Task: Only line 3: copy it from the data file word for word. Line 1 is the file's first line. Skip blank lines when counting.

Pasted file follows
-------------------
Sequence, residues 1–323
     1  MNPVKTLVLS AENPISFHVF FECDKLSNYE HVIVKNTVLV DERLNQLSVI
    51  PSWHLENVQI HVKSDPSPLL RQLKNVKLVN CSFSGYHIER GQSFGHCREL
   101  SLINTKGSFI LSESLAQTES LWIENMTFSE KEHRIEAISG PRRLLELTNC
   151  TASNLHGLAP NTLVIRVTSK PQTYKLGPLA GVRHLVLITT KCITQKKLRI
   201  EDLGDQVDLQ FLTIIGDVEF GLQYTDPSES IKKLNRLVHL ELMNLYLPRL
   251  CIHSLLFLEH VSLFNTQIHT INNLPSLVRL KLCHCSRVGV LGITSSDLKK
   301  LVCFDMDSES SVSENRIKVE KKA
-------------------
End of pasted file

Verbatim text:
    51  PSWHLENVQI HVKSDPSPLL RQLKNVKLVN CSFSGYHIER GQSFGHCREL